Avoiding Holiday Food Comas

Did you end up in a food coma like me on Thanksgiving? The holiday season is upon us when opportunities to overindulge seem frequent and plentiful – from parties with endless treats to munch on to family dinner gatherings with feasts that offer seconds, thirds and more of our favorite dishes. Despite the immediate satisfaction, overeating can lead to hours of discomfort and lethargy.

Here are three easy tips to practice in an effort to stop a food coma before it strikes.

1. HYDRATE: Drink water before, during and after indulging. Drinking water at optimal times will help avoid indigestion and keep the body hydrated. Water may also help you to eat less, since our bodies often mistake thirst for hunger. Start by drinking a full glass of water before you even leave your house and then make sure to drink up (water that is) while socializing.glass-531203_1920Image: PredragKezic via pixabay

2. FRUITS AND VEGGIES: Whether you’re cruising the appetizer table or victim to a full dinner buffet, aim to fill most of your plate  with fruits and veggies (go heavier on the veggies to avoid too much fructose). Fruits and veggies are not only hydrating foods but they also tend to be fiber-rich, which will fill you up faster and thus help to prevent overeating.salad-587669_1920Image: Kechn via pixabay

3. HERBAL TEA: When you return home with a full belly, treat yourself to a cup of  of herbal tea or better yet, make a cup of warm water with lemon and honey to help ease bloating and stimulate the digestive system. After you finish your warm drink, do a few yoga poses to improve digestion, and you’ll be in even better shape!tea-428306_1920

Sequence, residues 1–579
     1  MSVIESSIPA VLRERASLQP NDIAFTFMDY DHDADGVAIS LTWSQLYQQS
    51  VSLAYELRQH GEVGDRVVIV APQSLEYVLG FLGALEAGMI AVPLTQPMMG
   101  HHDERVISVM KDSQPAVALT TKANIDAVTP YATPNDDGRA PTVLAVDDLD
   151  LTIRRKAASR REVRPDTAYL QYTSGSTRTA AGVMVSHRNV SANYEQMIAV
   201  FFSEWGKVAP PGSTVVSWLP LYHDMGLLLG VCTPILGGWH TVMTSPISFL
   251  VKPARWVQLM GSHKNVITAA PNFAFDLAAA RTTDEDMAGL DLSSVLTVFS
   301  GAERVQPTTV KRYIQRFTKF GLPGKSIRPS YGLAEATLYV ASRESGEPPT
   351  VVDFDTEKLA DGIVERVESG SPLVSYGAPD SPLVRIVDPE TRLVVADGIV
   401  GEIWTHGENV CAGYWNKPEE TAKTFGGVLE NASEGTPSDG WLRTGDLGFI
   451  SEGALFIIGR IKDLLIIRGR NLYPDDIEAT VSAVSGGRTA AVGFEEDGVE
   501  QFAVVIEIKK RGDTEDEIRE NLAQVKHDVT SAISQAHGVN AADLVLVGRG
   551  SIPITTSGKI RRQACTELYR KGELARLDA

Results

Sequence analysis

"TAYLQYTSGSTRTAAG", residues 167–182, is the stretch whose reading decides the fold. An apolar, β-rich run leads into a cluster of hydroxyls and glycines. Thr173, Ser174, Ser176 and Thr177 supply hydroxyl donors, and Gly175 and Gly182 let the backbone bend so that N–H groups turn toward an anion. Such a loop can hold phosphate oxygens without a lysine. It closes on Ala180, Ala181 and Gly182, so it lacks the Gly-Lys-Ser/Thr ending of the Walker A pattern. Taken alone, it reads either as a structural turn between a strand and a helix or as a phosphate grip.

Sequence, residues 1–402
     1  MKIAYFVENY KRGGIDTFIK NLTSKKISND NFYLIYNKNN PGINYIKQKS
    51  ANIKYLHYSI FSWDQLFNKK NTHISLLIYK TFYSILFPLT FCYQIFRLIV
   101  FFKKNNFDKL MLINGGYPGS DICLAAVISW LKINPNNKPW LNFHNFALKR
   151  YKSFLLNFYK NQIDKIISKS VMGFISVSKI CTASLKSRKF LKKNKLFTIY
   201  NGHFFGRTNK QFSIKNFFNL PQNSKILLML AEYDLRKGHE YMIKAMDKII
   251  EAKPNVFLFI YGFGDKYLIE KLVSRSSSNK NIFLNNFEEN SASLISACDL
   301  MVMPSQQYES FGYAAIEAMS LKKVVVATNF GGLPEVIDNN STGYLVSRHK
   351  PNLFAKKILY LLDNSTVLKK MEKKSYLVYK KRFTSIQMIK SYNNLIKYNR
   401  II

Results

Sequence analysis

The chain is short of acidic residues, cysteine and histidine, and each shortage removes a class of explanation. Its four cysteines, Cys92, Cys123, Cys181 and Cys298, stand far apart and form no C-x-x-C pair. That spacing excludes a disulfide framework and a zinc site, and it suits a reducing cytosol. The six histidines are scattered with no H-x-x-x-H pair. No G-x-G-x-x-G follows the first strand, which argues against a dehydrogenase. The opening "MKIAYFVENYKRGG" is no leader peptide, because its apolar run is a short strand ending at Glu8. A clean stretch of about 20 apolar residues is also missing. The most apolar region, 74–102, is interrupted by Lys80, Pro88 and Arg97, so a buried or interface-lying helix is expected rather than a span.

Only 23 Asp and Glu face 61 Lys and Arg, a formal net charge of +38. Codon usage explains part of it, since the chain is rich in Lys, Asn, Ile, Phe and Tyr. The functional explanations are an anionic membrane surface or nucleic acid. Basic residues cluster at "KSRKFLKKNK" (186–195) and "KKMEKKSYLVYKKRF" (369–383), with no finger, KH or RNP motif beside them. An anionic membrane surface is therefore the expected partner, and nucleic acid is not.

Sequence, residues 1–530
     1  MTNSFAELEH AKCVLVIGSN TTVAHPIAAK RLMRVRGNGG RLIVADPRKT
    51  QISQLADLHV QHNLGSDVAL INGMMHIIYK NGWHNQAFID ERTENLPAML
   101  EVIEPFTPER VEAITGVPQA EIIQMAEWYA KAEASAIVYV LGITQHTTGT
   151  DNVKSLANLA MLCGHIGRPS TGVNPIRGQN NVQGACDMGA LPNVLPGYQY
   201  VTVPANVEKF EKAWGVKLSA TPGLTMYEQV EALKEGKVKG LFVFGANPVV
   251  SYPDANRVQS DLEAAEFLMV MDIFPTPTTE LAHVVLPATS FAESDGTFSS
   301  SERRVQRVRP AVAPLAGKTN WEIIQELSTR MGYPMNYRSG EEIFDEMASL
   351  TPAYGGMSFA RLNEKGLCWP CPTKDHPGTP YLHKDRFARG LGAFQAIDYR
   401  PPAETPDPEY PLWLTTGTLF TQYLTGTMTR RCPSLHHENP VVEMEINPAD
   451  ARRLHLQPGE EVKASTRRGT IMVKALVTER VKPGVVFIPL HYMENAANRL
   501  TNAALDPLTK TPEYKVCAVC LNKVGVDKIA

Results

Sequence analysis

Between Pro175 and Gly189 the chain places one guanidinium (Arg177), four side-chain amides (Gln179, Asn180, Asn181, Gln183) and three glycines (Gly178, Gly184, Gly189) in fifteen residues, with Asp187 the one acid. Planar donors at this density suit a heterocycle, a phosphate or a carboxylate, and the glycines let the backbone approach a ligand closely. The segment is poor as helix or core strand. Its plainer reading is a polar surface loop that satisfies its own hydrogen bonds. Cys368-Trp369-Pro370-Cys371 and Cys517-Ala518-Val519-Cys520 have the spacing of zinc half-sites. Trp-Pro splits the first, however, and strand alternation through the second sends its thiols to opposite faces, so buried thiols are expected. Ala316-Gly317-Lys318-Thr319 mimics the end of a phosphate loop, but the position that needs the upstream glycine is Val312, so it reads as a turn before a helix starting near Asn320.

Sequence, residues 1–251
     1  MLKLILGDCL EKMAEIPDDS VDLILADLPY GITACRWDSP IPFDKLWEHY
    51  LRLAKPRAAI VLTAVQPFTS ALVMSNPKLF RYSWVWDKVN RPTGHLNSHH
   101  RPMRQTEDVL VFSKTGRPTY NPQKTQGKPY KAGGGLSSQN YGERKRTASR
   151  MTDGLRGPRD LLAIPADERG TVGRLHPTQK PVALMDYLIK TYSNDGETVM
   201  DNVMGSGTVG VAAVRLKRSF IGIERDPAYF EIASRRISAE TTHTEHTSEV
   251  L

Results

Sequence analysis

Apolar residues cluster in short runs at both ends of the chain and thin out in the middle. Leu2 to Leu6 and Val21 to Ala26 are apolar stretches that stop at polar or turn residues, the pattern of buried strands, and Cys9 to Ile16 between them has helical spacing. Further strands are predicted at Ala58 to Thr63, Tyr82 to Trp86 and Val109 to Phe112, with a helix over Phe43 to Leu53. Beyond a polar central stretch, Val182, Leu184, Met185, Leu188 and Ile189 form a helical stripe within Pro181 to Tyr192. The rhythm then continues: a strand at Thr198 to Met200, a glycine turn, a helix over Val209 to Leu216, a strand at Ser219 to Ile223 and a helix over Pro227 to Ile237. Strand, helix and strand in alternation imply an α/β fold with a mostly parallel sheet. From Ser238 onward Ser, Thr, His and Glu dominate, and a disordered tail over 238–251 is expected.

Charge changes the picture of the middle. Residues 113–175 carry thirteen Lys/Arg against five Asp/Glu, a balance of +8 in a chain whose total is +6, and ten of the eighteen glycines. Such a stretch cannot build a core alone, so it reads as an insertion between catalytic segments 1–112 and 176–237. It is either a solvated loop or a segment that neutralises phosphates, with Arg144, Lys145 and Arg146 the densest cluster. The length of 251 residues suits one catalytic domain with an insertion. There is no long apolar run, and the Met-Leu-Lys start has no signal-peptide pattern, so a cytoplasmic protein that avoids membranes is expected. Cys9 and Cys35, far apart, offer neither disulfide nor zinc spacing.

Image: Jarmoluk via pixabay

In addition to keeping these three hydrating tips in mind while you mingle, you should also be sure to stay clear of too many sweets (easier said than done). Large quantities of any food can cause a food coma, however, sugar, or sucrose, found in desserts tends to be the main culprit. When we consume sugar, our bodies produce extra insulin to help absorb the spike of glucose. In turn, the extra insulin causes our brains to produce more serotonin and melatonin, two neurochemicals that can make us feel drowsy and lethargic.

 

featured post image: PublicDomainPictures via pixabay